The University of California Board of Regents voted 23 to 0 to approve President Janet Napolitano’s plan to phase out use of the SAT and ACT over five years and to replace them with a new test to be developed by University of California faculty members.
The vote followed a five-and-a-half-hour discussion about testing and admissions. Many regents quibbled with parts of the plan but in the end supported it.
John A. Pérez, chairman of the board, said that the vote represented a choice of “slow-walk or create urgency” in efforts to promote equity at the university.
Robert Schaeffer, interim executive director of FairTest: The National Center for Fair & Open Testing, said, “The impacts of this decision will be both profound and far-reaching. The UC system includes several of the world’s most respected public higher education institutions. California is the largest single state market for undergraduate admissions exams. FairTest expects many colleges and universities now in the process of evaluating their own admissions testing mandates to heed the message from California and adopt ACT/SAT-optional policies.”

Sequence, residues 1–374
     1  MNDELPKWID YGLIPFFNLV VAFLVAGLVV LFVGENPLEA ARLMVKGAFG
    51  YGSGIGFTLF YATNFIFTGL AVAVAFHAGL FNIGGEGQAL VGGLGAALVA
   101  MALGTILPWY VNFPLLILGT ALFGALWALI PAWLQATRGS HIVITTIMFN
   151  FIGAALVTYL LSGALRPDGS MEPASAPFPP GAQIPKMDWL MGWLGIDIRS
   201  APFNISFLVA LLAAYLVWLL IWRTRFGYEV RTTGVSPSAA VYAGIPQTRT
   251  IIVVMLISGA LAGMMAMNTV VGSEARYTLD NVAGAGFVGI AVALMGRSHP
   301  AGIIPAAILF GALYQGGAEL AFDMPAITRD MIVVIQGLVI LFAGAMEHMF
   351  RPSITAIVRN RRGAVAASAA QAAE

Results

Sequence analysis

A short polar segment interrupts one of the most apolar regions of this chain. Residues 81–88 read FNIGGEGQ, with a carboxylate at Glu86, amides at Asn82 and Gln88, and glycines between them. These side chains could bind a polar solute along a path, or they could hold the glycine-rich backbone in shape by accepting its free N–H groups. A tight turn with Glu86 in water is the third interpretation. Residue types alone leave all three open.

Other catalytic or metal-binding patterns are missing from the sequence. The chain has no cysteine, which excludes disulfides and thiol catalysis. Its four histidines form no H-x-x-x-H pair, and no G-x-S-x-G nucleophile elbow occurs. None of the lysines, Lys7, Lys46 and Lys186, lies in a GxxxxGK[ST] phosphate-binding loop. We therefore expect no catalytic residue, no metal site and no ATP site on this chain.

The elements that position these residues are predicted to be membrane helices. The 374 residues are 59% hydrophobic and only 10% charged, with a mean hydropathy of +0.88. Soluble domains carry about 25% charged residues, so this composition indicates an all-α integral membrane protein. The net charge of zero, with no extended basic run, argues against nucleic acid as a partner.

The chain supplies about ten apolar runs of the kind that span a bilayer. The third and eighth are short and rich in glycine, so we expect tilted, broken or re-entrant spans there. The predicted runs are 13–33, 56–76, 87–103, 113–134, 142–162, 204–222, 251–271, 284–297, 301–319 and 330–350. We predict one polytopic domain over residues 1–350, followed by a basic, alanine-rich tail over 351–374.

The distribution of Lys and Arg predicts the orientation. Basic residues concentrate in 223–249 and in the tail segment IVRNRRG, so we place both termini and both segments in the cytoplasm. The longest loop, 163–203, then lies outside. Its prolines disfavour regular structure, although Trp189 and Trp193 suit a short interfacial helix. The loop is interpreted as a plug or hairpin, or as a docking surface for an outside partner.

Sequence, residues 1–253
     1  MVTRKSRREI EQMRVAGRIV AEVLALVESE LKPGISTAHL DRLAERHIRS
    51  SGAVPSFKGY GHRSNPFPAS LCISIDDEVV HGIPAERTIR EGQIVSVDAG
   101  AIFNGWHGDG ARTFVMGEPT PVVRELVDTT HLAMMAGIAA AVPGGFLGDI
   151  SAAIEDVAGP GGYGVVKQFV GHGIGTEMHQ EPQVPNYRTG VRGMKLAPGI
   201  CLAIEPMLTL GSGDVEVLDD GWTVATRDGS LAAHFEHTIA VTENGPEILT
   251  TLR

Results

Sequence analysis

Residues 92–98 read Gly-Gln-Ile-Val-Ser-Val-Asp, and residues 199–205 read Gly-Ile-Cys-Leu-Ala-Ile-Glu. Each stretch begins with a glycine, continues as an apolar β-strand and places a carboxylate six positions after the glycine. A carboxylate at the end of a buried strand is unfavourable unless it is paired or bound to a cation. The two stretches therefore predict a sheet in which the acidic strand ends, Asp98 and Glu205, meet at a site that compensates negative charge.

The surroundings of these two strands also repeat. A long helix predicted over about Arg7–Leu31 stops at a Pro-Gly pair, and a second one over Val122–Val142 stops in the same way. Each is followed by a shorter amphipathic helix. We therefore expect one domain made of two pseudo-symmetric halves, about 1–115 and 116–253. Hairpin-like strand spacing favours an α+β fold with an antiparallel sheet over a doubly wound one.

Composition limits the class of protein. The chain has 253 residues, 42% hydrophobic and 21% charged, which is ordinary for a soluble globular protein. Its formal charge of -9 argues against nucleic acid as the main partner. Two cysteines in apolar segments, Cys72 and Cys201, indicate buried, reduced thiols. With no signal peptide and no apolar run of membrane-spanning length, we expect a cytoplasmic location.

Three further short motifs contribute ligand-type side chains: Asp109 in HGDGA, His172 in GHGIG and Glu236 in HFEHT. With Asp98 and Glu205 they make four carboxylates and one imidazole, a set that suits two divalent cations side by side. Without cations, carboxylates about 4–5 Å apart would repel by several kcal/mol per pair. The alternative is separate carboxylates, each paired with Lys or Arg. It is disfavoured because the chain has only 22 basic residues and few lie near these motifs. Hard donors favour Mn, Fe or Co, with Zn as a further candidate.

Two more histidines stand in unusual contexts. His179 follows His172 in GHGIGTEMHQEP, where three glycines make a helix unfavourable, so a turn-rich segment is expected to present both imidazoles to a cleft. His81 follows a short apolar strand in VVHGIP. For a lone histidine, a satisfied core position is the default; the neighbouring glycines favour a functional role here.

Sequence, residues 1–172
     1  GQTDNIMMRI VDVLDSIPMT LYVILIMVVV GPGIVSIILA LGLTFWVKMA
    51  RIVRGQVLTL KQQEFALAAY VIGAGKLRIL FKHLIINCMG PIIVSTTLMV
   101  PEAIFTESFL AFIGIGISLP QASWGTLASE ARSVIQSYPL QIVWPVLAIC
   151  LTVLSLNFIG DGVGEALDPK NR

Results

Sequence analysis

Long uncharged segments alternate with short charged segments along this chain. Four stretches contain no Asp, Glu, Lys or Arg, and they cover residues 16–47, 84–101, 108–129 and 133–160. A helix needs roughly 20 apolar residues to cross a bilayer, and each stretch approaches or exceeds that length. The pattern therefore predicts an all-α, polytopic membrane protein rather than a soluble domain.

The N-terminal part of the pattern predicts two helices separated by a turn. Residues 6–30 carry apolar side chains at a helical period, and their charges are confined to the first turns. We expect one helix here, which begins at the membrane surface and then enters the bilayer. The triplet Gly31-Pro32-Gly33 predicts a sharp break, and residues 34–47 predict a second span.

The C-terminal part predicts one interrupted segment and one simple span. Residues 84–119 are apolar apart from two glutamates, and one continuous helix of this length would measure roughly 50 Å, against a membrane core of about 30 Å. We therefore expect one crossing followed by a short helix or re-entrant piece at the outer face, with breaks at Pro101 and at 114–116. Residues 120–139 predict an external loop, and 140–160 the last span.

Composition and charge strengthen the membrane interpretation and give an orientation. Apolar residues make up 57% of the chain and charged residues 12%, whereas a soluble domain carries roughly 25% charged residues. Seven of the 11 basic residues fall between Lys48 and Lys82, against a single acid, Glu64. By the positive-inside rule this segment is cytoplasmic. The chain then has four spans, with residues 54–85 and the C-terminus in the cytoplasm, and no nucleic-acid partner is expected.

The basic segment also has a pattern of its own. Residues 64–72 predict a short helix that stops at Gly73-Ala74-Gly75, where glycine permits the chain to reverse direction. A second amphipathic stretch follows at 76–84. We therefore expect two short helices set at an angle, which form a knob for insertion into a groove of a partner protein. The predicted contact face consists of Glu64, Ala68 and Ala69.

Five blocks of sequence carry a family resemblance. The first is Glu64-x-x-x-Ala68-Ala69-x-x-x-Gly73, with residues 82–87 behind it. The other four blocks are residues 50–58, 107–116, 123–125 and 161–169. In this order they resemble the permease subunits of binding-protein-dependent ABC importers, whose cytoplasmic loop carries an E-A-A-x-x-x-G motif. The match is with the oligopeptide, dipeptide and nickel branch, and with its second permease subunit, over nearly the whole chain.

The College Board issued a statement that said, “Regardless of what happens with such policies, our mission remains the same: to give all students, and especially low-income and first generation students, opportunities to show their strength. We must also address the disparities in coursework and classrooms that the evidence shows most drive inequity in California.”